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Youth Program

[Image Description: A MCC member stands on an overlook, looking out at the mountainous landscape. They are wearing their uniform and holding a seed dispersal tool.]

Bear Safety with MCC

A hand is touching the ground, with a bear paw print next to it.

During the first week of official Montana Conservation Corps training, the leaders met with a Montana bear biologist. The training covered physical signs of bear (scat, prints, and bark scratching), identifying species, and using bear spray as protection.

Within a week of our training, while out on our second hitch, leaders of the crew identified black bear tracks within a quarter-mile of camp. You’ll notice in the picture above that the far-right toe is unsymmetrical with the far left, indicating a black bear. If the toes are symmetrical, it is a sign of a grizzly.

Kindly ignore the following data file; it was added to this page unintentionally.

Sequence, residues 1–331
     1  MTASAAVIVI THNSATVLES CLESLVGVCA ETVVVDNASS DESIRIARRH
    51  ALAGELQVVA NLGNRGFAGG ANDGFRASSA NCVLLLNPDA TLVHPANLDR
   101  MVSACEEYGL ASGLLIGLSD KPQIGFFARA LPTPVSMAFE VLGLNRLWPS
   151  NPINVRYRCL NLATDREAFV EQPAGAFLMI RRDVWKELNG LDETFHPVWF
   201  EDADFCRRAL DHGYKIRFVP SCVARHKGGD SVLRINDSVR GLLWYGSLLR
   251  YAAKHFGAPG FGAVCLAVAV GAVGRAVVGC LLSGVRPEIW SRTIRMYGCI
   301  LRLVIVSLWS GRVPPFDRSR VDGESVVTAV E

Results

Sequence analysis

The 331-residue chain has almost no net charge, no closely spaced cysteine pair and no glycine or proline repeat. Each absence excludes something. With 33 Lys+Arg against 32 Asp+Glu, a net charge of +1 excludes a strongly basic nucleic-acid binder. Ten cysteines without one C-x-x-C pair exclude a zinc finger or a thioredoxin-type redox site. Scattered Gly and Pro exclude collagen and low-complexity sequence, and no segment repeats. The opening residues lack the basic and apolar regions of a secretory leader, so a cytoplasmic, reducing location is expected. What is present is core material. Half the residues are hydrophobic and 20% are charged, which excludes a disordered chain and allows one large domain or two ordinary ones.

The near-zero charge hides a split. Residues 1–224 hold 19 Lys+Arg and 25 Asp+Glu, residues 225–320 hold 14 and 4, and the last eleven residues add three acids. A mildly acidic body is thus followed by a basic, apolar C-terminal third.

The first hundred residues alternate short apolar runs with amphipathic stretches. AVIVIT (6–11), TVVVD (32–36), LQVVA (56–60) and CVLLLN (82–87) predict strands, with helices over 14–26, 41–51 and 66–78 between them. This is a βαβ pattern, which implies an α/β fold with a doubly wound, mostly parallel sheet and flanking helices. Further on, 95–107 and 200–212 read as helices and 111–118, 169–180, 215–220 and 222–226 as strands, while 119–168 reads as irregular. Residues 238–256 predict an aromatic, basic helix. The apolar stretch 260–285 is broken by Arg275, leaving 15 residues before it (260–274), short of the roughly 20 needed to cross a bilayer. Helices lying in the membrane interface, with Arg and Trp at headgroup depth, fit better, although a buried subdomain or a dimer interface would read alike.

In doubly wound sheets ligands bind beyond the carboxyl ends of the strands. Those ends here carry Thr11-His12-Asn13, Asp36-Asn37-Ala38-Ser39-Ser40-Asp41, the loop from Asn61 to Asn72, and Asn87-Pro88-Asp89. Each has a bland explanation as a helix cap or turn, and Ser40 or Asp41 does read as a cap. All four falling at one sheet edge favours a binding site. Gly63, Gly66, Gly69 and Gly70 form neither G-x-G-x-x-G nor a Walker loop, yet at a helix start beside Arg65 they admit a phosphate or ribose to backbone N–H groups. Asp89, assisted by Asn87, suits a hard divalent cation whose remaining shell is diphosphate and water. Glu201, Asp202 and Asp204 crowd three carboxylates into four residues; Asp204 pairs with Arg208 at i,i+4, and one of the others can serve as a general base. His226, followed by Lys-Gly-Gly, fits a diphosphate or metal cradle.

In response, bear spray was kept an arm’s distance away and a buddy system was put into place to keep confidence in our safety. Although not as aggressive as a grizzly, black bears are still opportunists and will take advantage of any opportunity to obtain food you give them. For this reason, we also set up tents 75 feet from our kitchen area and all food was either kept in a trailer or strung up in a bear hang.

I am grateful for the training provided by MCC in identifying bear signs because it provided an extra sense of awareness while we camped in the Foy’s to Black Tail Trail.